THERE WAS A TIME, in the not-so-distant past, when sexuality politics could scarcely be conceived without reference to particular national contexts. The argument in the renowned historian George Mosse’s 1985 book, Nationalism and Sexuality, that the nineteenth-century European bourgeoisie sought to define itself through a version of sexual respectability, became a kind of model for scholars trying to understand how sexuality served the project of crafting national identity, and vice versa. In India, the rise of Hindutva in the 1990s brought about a flurry of scholarship aimed at understanding how this ideology processed questions of sexuality as national questions, as it did during the controversy surrounding the lesbian-themed film Fire in 1998. Both supporters and detractors of the film used the rationale of nationalism in framing their arguments, with the former claiming that lesbianism is part of India’s history, and the latter insisting that it is an unwanted Western import.
As LGBT people have become more visible in the media and in Indian political discourse, the question of whether homosexuality is Western no longer dominates the discussion. The pre-election coverage of whether or not the major political parties had addressed India’s law criminalising gay sex between adults in their manifestos was yet another indication that LGBT people have found a place in the national consciousness, and on the agenda of policy makers who, at least in some corners, wonder how large a vote bank we constitute. If LGBT people are part of an explicitly politicised discourse in India, then we are also beginning to be a part of the international policy discussions in which India, as a nation, participates. This is increasingly in line with the way LGBT existence is being understood in countries around the world, and in the international discourse on LGBT rights.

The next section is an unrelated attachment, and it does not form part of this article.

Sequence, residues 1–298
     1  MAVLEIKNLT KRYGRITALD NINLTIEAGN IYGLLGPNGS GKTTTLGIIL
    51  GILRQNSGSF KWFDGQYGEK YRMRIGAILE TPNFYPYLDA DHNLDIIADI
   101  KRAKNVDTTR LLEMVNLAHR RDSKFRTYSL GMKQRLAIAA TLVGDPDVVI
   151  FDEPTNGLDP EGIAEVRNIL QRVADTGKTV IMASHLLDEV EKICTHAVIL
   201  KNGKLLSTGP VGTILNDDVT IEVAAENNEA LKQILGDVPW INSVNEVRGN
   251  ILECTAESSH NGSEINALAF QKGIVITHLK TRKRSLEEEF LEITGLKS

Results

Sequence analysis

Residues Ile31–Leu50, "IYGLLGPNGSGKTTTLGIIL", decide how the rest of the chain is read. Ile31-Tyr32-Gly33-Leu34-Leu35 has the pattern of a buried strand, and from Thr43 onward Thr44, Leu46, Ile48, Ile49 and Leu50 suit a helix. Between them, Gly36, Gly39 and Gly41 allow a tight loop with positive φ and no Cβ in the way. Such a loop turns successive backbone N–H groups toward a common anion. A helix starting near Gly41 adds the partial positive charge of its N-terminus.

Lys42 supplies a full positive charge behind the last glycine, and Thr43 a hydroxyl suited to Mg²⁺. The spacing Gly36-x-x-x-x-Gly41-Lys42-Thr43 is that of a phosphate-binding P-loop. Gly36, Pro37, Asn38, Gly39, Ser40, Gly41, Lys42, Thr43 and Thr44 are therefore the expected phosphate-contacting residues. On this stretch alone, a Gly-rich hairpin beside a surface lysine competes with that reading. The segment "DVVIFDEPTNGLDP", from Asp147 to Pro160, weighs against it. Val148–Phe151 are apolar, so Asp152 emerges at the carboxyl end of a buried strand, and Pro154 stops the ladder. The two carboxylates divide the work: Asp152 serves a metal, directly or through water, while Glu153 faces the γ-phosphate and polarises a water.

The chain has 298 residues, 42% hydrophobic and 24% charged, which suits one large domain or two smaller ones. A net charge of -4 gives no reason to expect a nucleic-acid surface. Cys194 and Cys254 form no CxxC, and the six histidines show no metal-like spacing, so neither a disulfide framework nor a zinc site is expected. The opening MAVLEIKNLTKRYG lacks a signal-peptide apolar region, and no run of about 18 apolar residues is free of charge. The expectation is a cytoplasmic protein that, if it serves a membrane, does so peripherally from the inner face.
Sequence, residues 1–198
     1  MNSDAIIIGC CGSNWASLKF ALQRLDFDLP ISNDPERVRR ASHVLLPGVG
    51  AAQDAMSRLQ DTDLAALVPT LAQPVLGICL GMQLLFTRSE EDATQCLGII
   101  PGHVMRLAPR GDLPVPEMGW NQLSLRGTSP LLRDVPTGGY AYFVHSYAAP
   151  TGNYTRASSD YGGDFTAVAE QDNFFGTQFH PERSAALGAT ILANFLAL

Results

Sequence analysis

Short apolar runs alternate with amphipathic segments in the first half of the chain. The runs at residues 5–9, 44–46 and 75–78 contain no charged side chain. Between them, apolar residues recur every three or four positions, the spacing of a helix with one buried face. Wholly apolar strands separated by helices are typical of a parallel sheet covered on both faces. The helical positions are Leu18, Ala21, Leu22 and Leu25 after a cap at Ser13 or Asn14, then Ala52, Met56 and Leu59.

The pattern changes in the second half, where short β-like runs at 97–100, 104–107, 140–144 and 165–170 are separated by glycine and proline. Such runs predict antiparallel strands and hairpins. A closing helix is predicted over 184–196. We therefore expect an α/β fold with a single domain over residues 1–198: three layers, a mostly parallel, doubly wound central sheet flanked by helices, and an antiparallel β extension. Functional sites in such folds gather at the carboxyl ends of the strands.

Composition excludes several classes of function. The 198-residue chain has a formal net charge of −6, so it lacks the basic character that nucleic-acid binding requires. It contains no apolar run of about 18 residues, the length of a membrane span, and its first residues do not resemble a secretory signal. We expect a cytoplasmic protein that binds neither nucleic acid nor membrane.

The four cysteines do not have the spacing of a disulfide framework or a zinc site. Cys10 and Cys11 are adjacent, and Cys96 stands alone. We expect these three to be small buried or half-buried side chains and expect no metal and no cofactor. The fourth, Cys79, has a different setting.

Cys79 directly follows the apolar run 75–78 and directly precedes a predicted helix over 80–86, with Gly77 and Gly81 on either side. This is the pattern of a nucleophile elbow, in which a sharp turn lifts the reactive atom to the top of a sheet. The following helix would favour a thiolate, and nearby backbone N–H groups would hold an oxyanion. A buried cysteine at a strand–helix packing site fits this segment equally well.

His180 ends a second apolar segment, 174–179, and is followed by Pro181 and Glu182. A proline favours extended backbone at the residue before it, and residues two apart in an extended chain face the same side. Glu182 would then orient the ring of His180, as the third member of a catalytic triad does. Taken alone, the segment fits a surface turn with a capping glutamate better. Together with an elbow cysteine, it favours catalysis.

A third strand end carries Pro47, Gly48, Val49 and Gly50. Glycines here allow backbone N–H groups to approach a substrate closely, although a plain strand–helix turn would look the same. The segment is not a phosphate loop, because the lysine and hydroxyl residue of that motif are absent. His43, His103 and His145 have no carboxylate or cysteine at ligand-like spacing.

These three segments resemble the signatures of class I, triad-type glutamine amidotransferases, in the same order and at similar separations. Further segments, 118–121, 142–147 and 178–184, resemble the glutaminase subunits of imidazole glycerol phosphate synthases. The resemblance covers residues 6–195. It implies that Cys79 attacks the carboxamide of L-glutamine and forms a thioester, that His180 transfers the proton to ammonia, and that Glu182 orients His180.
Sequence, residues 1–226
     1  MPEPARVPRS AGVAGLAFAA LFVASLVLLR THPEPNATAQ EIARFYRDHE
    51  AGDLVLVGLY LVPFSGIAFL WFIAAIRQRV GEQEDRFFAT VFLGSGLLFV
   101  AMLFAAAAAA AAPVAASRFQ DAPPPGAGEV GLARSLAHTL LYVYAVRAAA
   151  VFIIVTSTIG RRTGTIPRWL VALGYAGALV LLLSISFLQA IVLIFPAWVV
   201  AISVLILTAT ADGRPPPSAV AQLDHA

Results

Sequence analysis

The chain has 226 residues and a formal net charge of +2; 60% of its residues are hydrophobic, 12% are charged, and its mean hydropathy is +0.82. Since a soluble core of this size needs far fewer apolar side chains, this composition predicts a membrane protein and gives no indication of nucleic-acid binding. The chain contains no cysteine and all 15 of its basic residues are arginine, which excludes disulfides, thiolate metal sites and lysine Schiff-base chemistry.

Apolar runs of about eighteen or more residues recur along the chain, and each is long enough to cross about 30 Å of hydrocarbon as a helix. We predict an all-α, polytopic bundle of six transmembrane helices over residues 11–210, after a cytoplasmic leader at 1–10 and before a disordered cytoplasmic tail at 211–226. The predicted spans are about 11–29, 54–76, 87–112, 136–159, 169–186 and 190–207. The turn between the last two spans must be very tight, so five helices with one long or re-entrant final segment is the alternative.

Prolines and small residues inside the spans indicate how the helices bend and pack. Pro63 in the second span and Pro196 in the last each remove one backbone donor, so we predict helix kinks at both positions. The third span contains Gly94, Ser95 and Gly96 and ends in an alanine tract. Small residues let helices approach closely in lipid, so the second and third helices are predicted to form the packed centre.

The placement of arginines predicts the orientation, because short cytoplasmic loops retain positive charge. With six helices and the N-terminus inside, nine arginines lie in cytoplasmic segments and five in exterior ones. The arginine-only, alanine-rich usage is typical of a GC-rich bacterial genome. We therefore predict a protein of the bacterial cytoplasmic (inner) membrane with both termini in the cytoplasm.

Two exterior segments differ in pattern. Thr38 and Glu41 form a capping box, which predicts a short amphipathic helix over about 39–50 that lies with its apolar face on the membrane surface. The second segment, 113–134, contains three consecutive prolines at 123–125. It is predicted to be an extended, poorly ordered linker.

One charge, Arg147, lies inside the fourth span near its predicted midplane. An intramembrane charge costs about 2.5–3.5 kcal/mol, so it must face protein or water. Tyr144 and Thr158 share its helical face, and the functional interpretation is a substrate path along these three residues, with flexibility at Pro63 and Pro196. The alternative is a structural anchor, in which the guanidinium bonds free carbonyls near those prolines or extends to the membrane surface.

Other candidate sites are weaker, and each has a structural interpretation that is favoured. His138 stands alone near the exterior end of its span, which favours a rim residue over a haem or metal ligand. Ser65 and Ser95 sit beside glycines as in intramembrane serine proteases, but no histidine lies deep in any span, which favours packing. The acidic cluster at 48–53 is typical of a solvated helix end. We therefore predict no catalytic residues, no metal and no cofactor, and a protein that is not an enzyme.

The dominant discussion on LGBT issues changed considerably over the last decade or so. LGBT people are now spoken about as a group in media outlets everywhere. The passage of anti-homosexuality laws in Uganda and Nigeria; gay marriage laws and campaigns in Australia, northern Europe, and the United States; and, of course, the struggle to read down Section 377 in India have all made international headlines. Lesbian, gay, bisexual and transgender people are no longer marginal to the news. We may also say that we are no longer marginal to geopolitics.
This implies, among other things, that we have now arrived as a foreign policy peg for Western governments seeking to provide aid to countries in the Global South (a collective descriptor for the developing countries of Asia, Latin America and Africa). This development is itself significantly shaped by the changing perceptions of homosexuality in the West, and in particular in the United States. In 2011, Hillary Clinton affirmed these changed attitudes in a speech to the United Nations Human Rights Council in Geneva, on International Human Rights Day:
Some seem to believe [homosexuality] is a Western phenomenon, and therefore people outside the West have grounds to reject it. Well, in reality, gay people are born into and belong to every society in the world. They are all ages, all races, all faiths; they are doctors and teachers, farmers and bankers, soldiers and athletes … Being gay is not a Western invention; it is a human reality.